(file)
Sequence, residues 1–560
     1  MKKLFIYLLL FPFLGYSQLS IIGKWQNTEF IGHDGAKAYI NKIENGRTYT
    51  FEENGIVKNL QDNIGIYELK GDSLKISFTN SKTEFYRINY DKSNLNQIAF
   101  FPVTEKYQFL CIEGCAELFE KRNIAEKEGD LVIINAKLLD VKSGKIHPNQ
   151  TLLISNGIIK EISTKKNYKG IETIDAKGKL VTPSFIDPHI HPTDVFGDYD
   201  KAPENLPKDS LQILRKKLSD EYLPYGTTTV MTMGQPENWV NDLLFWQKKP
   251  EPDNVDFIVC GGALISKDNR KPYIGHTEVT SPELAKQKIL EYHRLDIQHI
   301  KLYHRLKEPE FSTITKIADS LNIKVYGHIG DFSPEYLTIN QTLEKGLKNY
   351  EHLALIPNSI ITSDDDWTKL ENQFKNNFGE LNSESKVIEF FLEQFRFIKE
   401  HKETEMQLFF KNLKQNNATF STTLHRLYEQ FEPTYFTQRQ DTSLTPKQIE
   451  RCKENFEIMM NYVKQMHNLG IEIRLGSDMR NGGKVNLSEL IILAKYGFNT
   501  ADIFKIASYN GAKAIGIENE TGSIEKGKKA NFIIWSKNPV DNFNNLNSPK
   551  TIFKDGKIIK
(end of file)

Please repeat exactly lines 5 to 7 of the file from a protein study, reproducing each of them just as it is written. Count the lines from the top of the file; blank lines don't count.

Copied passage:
   151  TLLISNGIIK EISTKKNYKG IETIDAKGKL VTPSFIDPHI HPTDVFGDYD
   201  KAPENLPKDS LQILRKKLSD EYLPYGTTTV MTMGQPENWV NDLLFWQKKP
   251  EPDNVDFIVC GGALISKDNR KPYIGHTEVT SPELAKQKIL EYHRLDIQHI